Okay then, but what about my under-achieving brother, bored aunt, weird cousin, annoying neighbour? They read that popular inspirational book and it really changed their lives!
Well, are you really sure that it was the book that caused that change? Maybe there were other reasons, and the book was just something that fit nicely into the story they were weaving about their lives, so they attributed their changes to the book?
Perhaps I’m too much of a sceptic, but I strongly doubt the power of a single inspirational book to really change someone’s life. I believe that a book that contains a detailed, specific action plan might cause such a change – if the program is really good and if the reader puts a lot of effort into making it work. But an inspirational book? Let’s just say I have a different take on that issue. I believe that your weird cousin (or whoever we’re talking about) was at such a point in his life where, on some level, he really had had enough. As such, it really didn’t matter what “inspired” him, because that inspiration was just an excuse, a rationalization needed to change the situation that was really, really bothering him. As such, he could’ve been inspired by a pile of cow dung on the meadow. While out on a walk he could notice it, grab his head and shout, “My whole life is a pile of shit!” And then he would run home to change his life. Would we then claim that your cousin was inspired by dung? No, we would look for something else, something more plausible, like an inspirational book or seminar.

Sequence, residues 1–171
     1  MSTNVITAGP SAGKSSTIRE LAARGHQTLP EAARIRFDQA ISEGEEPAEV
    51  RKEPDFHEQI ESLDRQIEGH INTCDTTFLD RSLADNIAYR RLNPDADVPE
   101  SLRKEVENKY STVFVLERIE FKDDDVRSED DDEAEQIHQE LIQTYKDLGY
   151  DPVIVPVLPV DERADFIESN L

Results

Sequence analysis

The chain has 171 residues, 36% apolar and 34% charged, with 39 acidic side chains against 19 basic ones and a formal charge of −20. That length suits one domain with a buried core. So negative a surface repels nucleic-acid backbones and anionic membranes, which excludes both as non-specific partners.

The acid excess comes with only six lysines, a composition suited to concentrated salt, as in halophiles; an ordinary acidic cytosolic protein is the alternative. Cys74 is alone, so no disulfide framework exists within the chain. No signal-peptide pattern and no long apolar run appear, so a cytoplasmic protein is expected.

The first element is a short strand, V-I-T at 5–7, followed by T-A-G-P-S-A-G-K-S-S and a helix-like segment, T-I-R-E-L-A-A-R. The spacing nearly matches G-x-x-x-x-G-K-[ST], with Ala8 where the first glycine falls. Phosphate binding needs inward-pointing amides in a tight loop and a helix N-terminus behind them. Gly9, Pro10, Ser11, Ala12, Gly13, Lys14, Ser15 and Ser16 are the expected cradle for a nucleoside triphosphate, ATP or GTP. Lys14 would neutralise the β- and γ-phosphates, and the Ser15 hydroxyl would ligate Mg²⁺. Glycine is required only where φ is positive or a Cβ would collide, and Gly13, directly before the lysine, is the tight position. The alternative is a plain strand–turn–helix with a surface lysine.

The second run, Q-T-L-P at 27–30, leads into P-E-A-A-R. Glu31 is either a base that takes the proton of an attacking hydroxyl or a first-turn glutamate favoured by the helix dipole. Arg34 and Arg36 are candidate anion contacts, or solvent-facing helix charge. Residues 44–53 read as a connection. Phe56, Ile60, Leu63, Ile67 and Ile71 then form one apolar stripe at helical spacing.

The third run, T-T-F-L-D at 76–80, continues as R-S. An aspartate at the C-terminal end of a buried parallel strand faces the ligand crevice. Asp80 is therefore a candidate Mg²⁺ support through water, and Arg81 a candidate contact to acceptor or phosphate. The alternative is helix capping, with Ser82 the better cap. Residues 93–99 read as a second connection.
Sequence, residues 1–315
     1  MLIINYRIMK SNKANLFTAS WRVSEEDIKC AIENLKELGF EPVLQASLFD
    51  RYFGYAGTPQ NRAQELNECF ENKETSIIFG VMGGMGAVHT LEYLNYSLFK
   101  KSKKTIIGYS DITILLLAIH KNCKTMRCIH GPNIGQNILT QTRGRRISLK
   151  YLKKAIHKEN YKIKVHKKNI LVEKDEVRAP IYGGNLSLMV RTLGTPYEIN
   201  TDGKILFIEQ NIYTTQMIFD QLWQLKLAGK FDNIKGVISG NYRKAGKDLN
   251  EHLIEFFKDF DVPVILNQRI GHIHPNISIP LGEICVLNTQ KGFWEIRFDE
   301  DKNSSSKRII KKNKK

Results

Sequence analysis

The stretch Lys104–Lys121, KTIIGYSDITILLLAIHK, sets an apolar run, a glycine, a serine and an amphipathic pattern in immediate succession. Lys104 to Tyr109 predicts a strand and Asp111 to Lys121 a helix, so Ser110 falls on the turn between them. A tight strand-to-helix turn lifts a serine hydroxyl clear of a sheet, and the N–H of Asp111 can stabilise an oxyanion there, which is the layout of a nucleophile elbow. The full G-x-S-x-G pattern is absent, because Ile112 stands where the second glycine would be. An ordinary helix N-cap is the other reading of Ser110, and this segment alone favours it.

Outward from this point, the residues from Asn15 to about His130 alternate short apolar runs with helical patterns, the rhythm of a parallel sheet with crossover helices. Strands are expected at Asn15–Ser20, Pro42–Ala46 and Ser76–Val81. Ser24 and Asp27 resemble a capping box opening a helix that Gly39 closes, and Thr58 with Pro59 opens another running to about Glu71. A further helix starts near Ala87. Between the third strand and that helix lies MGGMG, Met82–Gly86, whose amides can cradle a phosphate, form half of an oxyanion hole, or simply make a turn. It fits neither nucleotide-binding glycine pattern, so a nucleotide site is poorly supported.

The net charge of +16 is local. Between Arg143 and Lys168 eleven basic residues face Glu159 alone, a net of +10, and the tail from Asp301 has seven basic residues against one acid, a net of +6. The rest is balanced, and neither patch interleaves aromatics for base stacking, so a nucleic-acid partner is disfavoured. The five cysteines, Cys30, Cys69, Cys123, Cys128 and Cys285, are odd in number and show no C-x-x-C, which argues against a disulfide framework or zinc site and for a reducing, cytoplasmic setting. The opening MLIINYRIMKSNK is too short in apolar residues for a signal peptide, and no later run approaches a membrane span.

Come on, Artur, were you never inspired by anything?
Of course I was. I’m often inspired to write articles (which I’d write anyway, if I didn’t have inspiration; I’d just pick a different topic). I also have a lot of things that inspire me. Whenever I hear, “Wander, my friends!” from the Battlestar Galactica sountrack, I just want to stand up straight and salute. I’ve been inspired after many a book, film or game. But then… there were other things to do, and the inspiration – she flew away.
Which tends to be why I prefer perspiration, just working hard on whatever I want to achieve. No, it’s not as emotionally pleasant and engaging – but it helps you get better and more permanent solutions. Inspiration works mainly to satisfy the emotional hunger, the desire to feel a certain way, but it offers no practical solutions. That may not sound inspirational, and it is unlikely to improve your mood, but perhaps after reading this text at least some of the people addicted to inspiration will realize that there are easier and better ways of fulfilling emotional needs. And that solving real issues is best done by real effort and hard work, without the need for any “inspiration”.
You have to be so careful with prescriptive methodologies because individuals are mind blowingly complex and unique.